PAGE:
Survivors and advocates are urging Māori to get their prostates checked to help turn around stats of more Māori dying from it.
It is Prostate Cancer Awareness Month and with Movember looming, how and why the numbers which show Māori men are twice as likely to die has been highlighted.
Prostate cancer survivor Te Iwi Mihaka, 73, was diagnosed in 2018 and went through radical radiotherapy treatment before getting the all-clear.
He started talking to people about his diagnosis and quickly realised how many people were avoiding talking about their health issues.
Mihaka hoped talking publicly and openly about his experience would prompt someone to get checked.
"People were telling me about how very few people actually talk about it and keep hiding from it. So I thought well, I'm here, I've learnt all these things, if I can help someone by sharing my story, I'll be happy to do it.
"Strange thing is, as soon as I was diagnosed, other people I knew around me suddenly said 'oh yeah been there done that' and 'I've got this and I've got that' and I've known these people for years and didn't know anything about their health.
"If we can get the word out to anyone else, even to one person, it's got to be a big help."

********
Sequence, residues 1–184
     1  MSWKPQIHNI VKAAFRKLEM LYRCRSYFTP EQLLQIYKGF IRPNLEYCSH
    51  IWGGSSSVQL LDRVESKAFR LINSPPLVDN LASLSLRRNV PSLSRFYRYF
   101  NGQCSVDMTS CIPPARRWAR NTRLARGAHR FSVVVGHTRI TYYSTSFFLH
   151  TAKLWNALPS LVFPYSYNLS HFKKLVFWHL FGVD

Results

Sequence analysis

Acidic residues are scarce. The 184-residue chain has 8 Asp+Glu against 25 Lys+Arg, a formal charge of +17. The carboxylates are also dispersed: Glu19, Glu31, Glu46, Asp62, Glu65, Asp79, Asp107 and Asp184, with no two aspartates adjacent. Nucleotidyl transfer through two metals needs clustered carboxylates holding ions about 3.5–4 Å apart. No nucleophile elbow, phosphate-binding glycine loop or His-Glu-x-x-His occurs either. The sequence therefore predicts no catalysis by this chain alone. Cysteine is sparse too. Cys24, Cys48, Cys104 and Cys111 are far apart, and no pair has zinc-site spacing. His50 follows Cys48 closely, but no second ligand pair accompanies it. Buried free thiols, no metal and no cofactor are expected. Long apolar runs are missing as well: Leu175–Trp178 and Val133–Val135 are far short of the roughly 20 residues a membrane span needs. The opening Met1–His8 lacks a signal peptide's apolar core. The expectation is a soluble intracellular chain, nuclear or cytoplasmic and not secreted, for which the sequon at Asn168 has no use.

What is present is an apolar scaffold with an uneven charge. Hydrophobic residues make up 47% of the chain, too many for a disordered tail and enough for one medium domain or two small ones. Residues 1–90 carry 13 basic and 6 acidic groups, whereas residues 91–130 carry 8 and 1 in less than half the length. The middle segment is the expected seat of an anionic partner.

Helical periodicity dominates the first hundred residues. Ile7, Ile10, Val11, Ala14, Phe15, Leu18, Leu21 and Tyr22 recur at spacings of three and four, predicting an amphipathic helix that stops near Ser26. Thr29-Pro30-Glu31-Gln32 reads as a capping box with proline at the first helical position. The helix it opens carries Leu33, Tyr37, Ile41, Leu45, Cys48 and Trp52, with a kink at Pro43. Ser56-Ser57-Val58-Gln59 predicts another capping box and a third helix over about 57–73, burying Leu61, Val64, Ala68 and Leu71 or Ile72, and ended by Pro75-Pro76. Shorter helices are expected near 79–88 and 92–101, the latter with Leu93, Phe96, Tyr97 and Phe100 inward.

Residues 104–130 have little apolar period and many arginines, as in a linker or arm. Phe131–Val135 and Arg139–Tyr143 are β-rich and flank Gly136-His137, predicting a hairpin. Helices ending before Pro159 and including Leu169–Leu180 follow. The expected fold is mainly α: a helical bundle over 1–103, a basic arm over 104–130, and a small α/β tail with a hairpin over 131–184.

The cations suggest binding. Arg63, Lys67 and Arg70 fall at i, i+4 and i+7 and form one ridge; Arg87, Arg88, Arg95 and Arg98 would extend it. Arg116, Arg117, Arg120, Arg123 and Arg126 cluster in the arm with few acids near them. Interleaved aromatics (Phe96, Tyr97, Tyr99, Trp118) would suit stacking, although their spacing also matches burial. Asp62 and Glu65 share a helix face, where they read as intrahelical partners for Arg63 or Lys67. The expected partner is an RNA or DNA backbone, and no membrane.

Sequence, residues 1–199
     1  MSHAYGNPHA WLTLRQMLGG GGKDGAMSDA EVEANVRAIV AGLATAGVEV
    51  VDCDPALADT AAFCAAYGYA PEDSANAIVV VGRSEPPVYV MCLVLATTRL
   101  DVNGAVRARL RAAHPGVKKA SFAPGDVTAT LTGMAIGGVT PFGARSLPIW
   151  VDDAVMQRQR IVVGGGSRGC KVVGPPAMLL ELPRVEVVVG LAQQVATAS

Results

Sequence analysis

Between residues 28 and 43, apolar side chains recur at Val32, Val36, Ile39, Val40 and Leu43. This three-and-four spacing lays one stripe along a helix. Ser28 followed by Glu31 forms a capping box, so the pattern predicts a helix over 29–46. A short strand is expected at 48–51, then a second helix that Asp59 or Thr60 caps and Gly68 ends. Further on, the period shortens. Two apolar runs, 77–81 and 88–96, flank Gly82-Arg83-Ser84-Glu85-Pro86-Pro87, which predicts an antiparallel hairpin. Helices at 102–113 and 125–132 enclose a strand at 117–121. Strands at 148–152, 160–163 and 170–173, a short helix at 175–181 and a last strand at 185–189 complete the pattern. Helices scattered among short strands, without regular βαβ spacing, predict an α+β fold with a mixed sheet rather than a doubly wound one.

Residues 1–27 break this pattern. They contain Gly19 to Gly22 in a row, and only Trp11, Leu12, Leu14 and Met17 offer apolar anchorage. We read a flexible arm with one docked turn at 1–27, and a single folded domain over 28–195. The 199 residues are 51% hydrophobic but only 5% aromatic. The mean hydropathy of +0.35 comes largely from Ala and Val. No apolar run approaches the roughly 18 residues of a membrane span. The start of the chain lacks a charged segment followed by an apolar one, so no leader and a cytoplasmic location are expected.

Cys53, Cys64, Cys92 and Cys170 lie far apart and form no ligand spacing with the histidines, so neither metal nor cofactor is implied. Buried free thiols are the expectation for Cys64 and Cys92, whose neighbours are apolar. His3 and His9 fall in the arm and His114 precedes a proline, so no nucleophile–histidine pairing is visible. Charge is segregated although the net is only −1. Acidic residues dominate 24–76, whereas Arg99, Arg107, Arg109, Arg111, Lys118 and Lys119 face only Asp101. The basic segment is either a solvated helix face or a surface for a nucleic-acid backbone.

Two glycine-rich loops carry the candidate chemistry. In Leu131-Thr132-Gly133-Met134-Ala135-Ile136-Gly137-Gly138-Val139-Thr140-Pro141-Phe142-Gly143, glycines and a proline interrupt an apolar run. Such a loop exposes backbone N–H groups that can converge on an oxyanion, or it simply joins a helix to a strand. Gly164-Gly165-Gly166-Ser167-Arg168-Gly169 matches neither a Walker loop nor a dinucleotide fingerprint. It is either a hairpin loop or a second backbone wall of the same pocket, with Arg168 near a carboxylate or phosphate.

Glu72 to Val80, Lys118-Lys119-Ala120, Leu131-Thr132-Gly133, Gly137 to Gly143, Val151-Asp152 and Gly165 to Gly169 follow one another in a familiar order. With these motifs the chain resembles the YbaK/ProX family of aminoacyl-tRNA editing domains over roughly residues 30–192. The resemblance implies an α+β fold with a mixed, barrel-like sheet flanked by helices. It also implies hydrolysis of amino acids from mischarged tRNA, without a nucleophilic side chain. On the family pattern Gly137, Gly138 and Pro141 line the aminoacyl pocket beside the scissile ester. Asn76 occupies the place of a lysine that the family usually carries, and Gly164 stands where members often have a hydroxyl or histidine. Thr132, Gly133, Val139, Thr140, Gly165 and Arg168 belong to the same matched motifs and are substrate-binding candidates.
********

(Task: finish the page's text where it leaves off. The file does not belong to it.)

Auckland University of Technology associate professor Jacquie Kidd said Māori experienced race-based barriers in the health system.
"Most of it is because Māori men are diagnosed later, a whole range of reasons why that may be, it can start from not getting checked out as early as others might, through to systemic racism in the system that Māori men are met with race-based barriers on their journey."
Māori health and social service provider, Te Roopu Tautoko ki te Tonga general manager Christine Maxwell said once someone shared their story, more people followed.
"At Puketeraki Marae, one of our pakeke who [had] not long been diagnosed, started to be far more open about it, it's like he had been given permission to kōrero about what was going on for him."
She said some of the men who got diagnosed might get lost in the system.
"Sometimes they don't want to take things further, and if they don't talk about it, it will just go away, which is definitely doesn't.
"If someone knows something is not right, running to the wharepaku or just can tell something isn't feeling right, I hope they take that first step to get checked," Maxwell said.
Hei Āhuru Mōwai Māori cancer leadership co-chair Gary Thompson said: "It's important that tāne go and get checked if they have worrying symptoms, but more importantly we need a health system that is designed for us, [that is] culturally appropriate, friendly and accessible."